She will join the Texas Department of Family and Protective Services later this month as its newest investigator for the Child Protective Services division—joining those who serve as the first line of defense for children who may be experiencing neglect and abuse.
Among her responsibilities, she will assess environments where children live and where there are allegations of wrongdoing; she will gather evidence and, when needed, initiate the protocols for removing a child from that environment. Additionally, she will testify in court proceedings and accompany law enforcement and forensic teams as needed.
It’s a career path she nearly missed.
Fine Arts senior participates in NFL’s 'Women’s Empowerment Draft'
With encouragement from Professor and Visual Arts Chair Vagner Whitehead, graduating senior and Terry Scholar Olivia Arratia was one of 32 women from 20 universities who participated in the recent nationally recorded “Zoom” NFL Women’s Empowerment Draft of amazing women in history.
The brainchild of Alfred University’s student group “Art Force 5,” the NFL event highlighted the lives of 32 historically iconic women—from Doris Day and Shirley Chisholm to Helen Keller, Clara Barton and Susan B. Anthony—who contributed to the women’s rights movement.
Olivia and her counterparts wore a portrait of these women leaders on an NFL-style jersey, and each described the life and contributions of the woman featured on her jersey. Olivia paid tribute to Houston-born Selena, the “Queen of Tejano music.”
“It was a powerful experience,” Olivia told me. “I hope this inspires women of all ages to achieve their dreams and fight for what is right. And what better school to represent (in this national project) than Texas Woman's University.”
The summa cum laude graduate plans to pursue her master’s degree in fine arts with a concentration in photography, and hopes to be a college professor in art and business.
May: 'Better Hearing and Speech Month'
Every year at this time we pause to take great pride in our speech-language pathology program because it is a leader in preparing hundreds of graduates to help school districts and medical facilities across the state hire high-in-demand speech therapists.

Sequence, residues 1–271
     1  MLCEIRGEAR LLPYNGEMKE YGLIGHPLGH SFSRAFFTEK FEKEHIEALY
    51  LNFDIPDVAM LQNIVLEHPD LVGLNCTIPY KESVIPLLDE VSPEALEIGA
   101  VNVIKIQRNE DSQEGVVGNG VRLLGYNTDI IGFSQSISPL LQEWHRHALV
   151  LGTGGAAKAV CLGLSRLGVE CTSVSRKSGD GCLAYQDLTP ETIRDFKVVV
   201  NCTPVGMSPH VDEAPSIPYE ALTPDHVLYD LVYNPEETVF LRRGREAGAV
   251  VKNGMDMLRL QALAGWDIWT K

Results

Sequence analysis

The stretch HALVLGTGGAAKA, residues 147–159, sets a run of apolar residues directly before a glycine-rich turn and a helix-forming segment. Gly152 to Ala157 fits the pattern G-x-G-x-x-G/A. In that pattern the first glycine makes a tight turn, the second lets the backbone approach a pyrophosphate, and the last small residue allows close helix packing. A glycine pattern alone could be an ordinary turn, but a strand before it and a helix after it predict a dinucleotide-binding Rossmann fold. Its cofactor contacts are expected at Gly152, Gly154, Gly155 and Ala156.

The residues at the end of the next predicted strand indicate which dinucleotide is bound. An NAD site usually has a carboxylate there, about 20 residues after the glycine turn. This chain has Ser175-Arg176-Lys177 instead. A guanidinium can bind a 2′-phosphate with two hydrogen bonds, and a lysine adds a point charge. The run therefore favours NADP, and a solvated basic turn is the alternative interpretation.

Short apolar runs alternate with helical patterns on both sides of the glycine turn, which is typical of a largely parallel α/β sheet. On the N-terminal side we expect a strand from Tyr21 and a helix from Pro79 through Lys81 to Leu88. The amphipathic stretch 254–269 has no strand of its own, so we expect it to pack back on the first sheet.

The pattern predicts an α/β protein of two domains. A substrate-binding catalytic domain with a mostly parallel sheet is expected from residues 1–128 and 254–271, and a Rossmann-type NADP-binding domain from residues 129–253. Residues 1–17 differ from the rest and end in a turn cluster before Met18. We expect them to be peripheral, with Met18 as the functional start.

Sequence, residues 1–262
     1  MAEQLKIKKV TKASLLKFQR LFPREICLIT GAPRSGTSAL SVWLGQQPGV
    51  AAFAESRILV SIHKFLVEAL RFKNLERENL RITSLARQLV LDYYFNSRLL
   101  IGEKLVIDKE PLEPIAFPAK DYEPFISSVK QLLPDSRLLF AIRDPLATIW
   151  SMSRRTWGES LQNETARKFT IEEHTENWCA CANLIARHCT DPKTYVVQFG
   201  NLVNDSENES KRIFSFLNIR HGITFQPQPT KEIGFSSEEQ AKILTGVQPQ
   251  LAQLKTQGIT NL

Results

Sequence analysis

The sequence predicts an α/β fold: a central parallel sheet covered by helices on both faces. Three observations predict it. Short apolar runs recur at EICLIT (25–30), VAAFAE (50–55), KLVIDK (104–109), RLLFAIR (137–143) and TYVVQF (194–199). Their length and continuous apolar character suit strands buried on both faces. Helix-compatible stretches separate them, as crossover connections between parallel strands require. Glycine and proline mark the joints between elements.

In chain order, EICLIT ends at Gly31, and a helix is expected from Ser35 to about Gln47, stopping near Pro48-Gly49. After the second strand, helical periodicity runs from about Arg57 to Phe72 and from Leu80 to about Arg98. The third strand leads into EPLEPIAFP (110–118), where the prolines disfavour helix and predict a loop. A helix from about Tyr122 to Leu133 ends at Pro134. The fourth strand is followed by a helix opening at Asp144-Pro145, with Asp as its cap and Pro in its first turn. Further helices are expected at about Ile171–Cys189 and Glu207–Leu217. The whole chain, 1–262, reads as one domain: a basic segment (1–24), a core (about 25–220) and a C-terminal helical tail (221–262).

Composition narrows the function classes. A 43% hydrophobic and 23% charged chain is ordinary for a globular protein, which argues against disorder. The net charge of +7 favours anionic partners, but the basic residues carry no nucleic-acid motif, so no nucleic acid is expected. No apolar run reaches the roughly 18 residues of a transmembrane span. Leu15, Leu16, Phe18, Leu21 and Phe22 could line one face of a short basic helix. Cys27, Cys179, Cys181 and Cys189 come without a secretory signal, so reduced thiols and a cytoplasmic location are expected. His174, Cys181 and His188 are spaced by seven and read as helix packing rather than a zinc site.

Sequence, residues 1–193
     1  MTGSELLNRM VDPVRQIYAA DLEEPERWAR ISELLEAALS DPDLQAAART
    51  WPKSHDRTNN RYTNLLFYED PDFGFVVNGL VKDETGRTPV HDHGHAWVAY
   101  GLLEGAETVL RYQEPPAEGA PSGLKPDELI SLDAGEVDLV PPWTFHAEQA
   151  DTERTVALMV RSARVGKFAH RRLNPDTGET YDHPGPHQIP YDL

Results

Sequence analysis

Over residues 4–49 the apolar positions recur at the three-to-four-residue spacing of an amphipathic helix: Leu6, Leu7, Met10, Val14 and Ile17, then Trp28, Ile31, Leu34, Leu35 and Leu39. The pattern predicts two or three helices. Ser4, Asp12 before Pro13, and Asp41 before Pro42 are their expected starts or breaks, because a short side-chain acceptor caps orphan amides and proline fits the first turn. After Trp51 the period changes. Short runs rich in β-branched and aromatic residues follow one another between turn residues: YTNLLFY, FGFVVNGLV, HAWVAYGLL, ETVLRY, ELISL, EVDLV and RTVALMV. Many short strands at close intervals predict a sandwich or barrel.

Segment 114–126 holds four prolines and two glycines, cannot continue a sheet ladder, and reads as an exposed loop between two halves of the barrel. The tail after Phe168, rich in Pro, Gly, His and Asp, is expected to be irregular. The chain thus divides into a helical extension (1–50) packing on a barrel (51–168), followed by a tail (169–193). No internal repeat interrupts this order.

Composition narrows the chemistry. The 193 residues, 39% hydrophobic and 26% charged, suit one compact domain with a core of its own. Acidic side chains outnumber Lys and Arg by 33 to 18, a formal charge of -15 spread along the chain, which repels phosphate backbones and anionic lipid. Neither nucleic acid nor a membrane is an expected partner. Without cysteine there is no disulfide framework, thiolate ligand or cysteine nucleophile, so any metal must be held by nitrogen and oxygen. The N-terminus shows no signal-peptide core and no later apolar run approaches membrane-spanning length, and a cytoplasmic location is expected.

This year, one of our graduates in this highly regarded master’s degree program is Dorothy Nyarko Henking. Originally from Ghana, the respiratory therapist has been serving on the COVID-19 frontlines leading up to her graduation this month.
With her new degree, she is switching fields to become a speech-language pathologist and plans to continue working with adults, preferably in rehabilitation facilities.
My hat’s off to this mother of three and spouse of a healthcare professional for persevering in spite of a two-hour roundtrip commute to class three to four days a week for four years! Boldly Go, Dorothy!
ALUMNI STEP UP TO HELP
'Most Admired CEO' and TWU alumna shifts business to create hand sanitizer
Last year the Dallas Business Journal named Merrilee Kick (’09 EMBA) to its “Most Admired” CEOs list. This year, when the pandemic’s effects were starting to emerge, the founder of BuzzBallz, LLCSouthern Champion, adjusted her company’s operations from cocktail production to making 18,000 gallons of hand sanitizer valued at approximately $270,000 for donation to more than 90 institutions in the North Texas medical community, area fire and police departments, post grocery stores and airline employees.
Nutrition alumna helps Northwest ISD Continue children's food service
Since March 16, Yen McCord Brown (’15 BS; ’18 MS), area supervisor for Northwest ISD food service, has played a key role in the district’s ability to continue serving meals to students via curbside pick-up at six sites. In one location alone, her team has been serving between 1,500 and 1,850 breakfasts and lunches daily.
In normal times, she oversees 10 schools, from elementary to high school, making sure kitchens are safe and compliant with federal guidelines. She takes great pride in ensuring the food is high quality, nutritious and follows any restrictions students may have.
“I love my job,” she wrote us recently. “I love seeing the students every day. The smiles on their faces make my heart skip a beat. I am honored to be able to serve them. For many, these are the only meals they receive for the day. To see them and interact with them (at appropriate social distancing of course) totally changes my day. There are times where I have been tired, but seeing their faces makes me forget that.”
IN THE NEWS
TWU history professor makes national news
Kudos to our History Professor Kate Landdeck on her recently published book, “The Women with Silver Wings: The Inspiring True Story of the Women Airforce Service Pilots of World War II.” She and her book were featured on “CBS This Morning” and a 47-minute segment on KERA’s “Think” radio program that rebroadcast on many other public radio stations across the country.
TWU recognized for pandemic response
Texas Woman’s ability to deliver quality instruction during this pandemic was recognized by Educate to Career, a California education nonprofit. The organization ranked TWU in the highest category of universities for its ability to adapt to remote curricula brought on by COVID-19. TWU is one of just four North Texas universities to receive this ranking.
The importance of women who lead...
It has become increasingly apparent that women must play greater leadership roles in everything from health care to business. That was a topic of an op-ed I wrote that was published last month in the Dallas Morning News and the Corpus Christi Caller-Times. I point this out because at no other time in modern history has this been more evident than now, as our society is dealing with this crisis pandemic and women are not as visible as they should be.
Thanks for your interest in Texas Woman’s. As always, email me with your comments or questions. I am delighted that you have spent a few minutes with me today.
Follow Carine M. Feyten, Ph.D.
Page last updated 4:25 PM, February 16, 2022